Next we need the "main" method which takes a List<TreeNode> as a parameter and returns a TreeNode which is the root node like so

public static TreeNode BuildTree(this List<TreeNode> nodes)
{
    var root = nodes.RemoveRootNode();
    if (root == null) { throw new ArgumentOutOfRangeException("nodes"); }
    return root.BuildTree(nodes);
}  

Edit

Based on the changed example data, we now can have multiple TreeNode with Parent == null which makes the RemoveRootNode() method superfluous and will result in TreeNode buildTree(this List<TreeNode>) like so

public static TreeNode BuildTree(this List<TreeNode> nodes)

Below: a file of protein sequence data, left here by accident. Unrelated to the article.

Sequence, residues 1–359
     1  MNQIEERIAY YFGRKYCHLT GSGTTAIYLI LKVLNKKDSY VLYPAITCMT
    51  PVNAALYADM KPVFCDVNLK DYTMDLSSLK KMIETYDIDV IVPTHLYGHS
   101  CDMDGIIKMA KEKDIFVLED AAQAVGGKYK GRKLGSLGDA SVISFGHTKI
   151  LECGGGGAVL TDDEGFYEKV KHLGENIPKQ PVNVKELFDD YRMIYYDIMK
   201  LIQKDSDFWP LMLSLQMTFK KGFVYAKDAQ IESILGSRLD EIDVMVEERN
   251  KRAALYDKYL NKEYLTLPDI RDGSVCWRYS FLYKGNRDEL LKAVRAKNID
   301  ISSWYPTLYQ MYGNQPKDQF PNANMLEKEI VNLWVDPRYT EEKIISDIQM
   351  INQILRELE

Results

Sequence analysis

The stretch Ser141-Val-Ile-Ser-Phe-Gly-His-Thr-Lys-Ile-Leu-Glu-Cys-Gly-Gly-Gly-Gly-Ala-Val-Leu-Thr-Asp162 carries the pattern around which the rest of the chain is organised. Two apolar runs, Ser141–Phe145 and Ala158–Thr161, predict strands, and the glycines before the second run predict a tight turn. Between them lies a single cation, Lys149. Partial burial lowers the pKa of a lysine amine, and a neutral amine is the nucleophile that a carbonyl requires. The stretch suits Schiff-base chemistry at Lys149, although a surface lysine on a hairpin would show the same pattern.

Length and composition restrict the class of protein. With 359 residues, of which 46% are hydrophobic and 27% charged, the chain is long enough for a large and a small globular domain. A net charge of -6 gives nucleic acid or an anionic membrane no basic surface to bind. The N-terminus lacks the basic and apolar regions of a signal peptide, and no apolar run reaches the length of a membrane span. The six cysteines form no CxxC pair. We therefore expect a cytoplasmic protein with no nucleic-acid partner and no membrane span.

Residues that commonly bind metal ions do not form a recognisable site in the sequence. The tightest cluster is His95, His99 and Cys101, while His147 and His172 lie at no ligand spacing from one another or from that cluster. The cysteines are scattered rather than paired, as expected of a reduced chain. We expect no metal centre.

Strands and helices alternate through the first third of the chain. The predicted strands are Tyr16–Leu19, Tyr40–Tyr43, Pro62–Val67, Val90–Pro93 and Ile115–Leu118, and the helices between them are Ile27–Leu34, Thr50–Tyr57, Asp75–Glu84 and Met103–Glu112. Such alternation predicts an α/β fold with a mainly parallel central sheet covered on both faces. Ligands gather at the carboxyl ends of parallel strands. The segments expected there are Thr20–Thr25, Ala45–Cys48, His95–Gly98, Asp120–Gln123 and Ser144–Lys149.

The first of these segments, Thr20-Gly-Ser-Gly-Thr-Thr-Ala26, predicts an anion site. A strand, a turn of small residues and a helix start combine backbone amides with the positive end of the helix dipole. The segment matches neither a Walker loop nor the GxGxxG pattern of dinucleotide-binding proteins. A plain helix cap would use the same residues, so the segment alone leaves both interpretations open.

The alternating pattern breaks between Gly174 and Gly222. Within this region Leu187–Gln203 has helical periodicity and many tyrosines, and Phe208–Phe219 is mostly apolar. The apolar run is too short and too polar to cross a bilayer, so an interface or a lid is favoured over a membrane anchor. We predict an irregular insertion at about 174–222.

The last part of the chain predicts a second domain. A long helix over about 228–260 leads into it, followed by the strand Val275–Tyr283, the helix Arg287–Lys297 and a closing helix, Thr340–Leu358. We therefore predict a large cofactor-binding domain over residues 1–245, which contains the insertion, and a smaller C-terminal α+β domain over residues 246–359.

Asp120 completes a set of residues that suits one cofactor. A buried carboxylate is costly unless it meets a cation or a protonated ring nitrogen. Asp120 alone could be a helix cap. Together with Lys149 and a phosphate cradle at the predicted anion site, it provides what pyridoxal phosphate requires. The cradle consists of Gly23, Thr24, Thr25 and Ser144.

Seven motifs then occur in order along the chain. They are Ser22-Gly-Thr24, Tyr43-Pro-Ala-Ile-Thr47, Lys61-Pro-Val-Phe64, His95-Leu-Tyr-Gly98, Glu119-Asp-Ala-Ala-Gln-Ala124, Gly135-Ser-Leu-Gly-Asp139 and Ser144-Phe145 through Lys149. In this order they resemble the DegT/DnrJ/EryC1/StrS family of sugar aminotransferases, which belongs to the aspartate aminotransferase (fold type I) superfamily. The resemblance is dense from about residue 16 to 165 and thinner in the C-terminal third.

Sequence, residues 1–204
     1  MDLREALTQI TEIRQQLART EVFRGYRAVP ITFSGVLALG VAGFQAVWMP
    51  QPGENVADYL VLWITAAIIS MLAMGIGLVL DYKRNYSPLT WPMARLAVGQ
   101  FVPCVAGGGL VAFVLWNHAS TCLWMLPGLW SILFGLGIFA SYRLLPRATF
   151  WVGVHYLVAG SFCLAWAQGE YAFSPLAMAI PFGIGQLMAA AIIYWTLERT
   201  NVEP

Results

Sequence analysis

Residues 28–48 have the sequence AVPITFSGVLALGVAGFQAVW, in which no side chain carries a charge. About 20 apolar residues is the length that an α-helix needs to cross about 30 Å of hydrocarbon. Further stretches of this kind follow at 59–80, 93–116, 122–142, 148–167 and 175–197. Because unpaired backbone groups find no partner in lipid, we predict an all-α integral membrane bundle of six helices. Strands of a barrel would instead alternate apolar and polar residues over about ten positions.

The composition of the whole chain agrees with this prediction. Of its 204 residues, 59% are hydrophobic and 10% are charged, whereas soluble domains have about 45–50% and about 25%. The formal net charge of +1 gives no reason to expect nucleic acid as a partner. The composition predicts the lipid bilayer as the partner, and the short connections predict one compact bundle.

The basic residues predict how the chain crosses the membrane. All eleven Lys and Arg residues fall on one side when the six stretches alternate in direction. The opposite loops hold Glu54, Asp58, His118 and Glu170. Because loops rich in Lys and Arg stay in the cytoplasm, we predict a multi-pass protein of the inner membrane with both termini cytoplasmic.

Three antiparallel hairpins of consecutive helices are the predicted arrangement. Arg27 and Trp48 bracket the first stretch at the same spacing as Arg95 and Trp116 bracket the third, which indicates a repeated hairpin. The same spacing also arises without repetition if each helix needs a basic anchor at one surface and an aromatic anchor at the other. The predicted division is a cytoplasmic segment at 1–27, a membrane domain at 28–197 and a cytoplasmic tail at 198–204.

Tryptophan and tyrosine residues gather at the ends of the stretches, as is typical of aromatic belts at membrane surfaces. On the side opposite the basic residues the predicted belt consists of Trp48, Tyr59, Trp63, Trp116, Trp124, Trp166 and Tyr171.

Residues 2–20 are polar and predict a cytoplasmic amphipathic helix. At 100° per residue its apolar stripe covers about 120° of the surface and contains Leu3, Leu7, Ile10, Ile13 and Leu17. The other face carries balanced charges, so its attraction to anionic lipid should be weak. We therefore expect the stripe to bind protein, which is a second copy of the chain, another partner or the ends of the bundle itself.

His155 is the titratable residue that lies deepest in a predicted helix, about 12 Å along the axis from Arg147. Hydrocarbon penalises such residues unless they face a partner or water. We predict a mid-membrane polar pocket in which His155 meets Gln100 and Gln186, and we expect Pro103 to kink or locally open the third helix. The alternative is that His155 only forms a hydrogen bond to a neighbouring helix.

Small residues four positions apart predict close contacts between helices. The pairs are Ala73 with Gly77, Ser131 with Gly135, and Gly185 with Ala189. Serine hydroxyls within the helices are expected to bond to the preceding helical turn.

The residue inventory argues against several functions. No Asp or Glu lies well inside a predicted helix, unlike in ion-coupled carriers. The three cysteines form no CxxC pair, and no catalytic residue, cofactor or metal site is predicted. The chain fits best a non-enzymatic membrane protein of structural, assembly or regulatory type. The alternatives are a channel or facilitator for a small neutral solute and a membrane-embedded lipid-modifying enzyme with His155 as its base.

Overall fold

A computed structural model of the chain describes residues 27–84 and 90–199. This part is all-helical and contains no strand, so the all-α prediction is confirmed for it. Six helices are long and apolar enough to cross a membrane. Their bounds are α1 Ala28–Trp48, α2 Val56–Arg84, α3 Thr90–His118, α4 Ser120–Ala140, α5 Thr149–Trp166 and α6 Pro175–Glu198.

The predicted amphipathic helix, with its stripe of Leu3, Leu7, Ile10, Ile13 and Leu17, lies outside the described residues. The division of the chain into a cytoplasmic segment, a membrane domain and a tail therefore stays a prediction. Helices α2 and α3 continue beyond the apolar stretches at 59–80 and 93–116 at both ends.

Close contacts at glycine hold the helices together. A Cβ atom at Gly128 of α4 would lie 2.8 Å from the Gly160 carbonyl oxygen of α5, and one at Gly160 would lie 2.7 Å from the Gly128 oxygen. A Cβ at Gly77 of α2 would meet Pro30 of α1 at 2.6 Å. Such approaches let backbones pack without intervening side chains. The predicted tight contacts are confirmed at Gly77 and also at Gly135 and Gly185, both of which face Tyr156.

{
    if (nodes == null)
    {
        throw new ArgumentNullException("nodes");
    }
    return new TreeNode().BuildTree(nodes);
}

As we see there should be a BuildTree(this TreeNode, List<TreeNode>) method which will look like:

private static TreeNode BuildTree(this TreeNode root, List<TreeNode> nodes)
{
    if (nodes.Count == 0) { return root; }

    var children = root.FetchChildren(nodes).ToList();
    root.Children.AddRange(children);
    root.RemoveChildren(nodes);

    for (int i = 0; i < children.Count; i++)
    {
        children[i] = children[i].BuildTree(nodes);
        if (nodes.Count == 0) { break; }
    }

    return root;
} 

which is self-explanatory. It fetches the children by using

public static IEnumerable<TreeNode> FetchChildren(this TreeNode root, List<TreeNode> nodes)
{
    return nodes.Where(n => n.Parent == root.Id);
}  

and add them to the Children property of the root node and removes them from the nodes by